Need an easy management tool for the elementary classroom?  This blog post details how to use Australian Flags along with the book Alexander and the Terrible, Horrible, No Good, Very Bad Day as a classroom management strategy.
Need an easy management tool for the elementary classroom?  This blog post details how to use Australian Flags along with the book Alexander and the Terrible, Horrible, No Good, Very Bad Day as a classroom management strategy.
I hope you can use this idea in your classroom.  Let me know if you give it a try!
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15 comments

  1. I like this! I'm using a stop sign as something similar with just one student, but I like that any student can use this!

    Do you have a few kids that seem to 'live' in Australia? I might have to find some cheap sand timers or something to go along!

    Excited to follow you!

    Jenny
    Luckeyfrog's Lilypad

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  2. I have definitely had a few little cuties who wanted to move to Australia permanently :), but I try to give some disclaimers about this when I introduce the flags at the beginning of the year. If someone needs a perma-flag then we usually have some one-on-one chats and they're good to go.

    Thanks for following me! I'm following you too.
    Katie

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  3. This is a great idea! Thanks for sharing.
    Following you! I'm a brand new blogger as of....today!

    Diane

    schoolhousetreasures.blogspot.com

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  4. I'm your newest follower and I love this Australia flag idea! My kiddos love the Alexander stories, but I've never thought of this. Such a great idea! :)

    Rachel
    A-B-Seymour

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  5. Katie, I forgot to mention that I use this book at the beginning of the year and tie it into part of my classroom behavior and setting rules for the year. After reading the book, we discuss what kinds of things that might happen in a classroom that would make for a terrible, horrible, no good, very bad day at school. Then we talk about the opposite - what we need to do to have a wonderful, great year in 3rd grade.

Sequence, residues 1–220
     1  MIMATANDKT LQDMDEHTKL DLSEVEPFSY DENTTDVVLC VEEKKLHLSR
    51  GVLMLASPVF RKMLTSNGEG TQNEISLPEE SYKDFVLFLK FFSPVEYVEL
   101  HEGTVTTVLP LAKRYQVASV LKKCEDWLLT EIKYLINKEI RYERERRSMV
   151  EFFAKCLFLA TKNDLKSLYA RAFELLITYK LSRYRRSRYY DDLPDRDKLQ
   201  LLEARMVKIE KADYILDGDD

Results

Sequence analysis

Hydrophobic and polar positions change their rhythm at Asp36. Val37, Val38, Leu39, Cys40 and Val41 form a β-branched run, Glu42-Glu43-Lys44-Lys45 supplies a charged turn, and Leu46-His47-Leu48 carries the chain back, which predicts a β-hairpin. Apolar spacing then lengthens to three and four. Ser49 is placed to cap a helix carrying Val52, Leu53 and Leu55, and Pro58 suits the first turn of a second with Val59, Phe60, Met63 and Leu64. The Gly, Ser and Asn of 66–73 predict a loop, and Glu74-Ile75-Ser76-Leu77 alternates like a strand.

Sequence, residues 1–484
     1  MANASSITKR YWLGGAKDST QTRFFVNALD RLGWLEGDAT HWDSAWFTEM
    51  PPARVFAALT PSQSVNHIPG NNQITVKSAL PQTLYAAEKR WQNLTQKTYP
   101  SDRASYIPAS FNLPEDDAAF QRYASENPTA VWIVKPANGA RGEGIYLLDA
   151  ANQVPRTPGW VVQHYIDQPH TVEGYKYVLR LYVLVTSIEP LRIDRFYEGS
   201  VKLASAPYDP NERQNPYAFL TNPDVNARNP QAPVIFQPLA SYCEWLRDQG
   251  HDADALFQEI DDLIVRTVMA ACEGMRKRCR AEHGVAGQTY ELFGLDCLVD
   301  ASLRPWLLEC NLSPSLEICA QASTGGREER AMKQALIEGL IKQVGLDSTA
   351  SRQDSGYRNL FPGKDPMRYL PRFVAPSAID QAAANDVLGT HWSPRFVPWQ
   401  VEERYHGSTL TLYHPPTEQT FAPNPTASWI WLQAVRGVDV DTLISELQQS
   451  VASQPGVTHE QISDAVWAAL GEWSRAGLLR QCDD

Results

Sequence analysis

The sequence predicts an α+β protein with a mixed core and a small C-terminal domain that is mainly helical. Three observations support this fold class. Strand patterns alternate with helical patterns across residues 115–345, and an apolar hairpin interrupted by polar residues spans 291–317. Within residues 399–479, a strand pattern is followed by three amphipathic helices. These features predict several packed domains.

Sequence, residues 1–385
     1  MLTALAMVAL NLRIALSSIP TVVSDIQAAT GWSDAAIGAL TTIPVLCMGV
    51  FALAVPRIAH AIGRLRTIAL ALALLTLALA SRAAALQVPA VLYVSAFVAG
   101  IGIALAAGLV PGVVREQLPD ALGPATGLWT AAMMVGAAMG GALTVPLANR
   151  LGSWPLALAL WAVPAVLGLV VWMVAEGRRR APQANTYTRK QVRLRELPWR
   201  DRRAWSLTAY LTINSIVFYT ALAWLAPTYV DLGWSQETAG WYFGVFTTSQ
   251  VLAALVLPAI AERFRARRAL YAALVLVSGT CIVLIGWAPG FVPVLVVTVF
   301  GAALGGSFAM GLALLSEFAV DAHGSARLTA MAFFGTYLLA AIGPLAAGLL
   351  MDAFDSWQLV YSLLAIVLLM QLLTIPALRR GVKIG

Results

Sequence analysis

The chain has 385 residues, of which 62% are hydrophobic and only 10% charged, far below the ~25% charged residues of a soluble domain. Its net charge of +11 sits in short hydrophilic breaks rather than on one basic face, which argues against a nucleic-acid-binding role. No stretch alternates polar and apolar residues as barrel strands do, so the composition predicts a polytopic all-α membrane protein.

Diane
    schoolhousetreasures

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  7. haha I wasnt sure what to think about naughty kids getting sent to Australia but I assume it is to do with the book. :) I guess most of us Australians are here because we were naughty in the first place (convicts) ......funny, not offensive

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  8. Where can I get this?

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  9. I might make an American table for my Aussie class lol

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  10. Love this! I have a little corner in my room that is not used for anything, so I am in the process of turning it into Australia! I am making a eucalyptus tree to attach to the wall, posting pictures of Australian animals, as well as calm down techniques and the zones of regulation. I am making a glitter water bottle timer that I will float mini koalas and kangaroos in. When they need a break, they can go to Australia to calm down. They shake the bottle when they get there, and when the glitter settles they can rejoin the class.

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    1. Awesome idea! I would absolutely LOVE to have an Australia table. I'm sure your kids will love that glitter water bottle too!
      Thanks for sharing!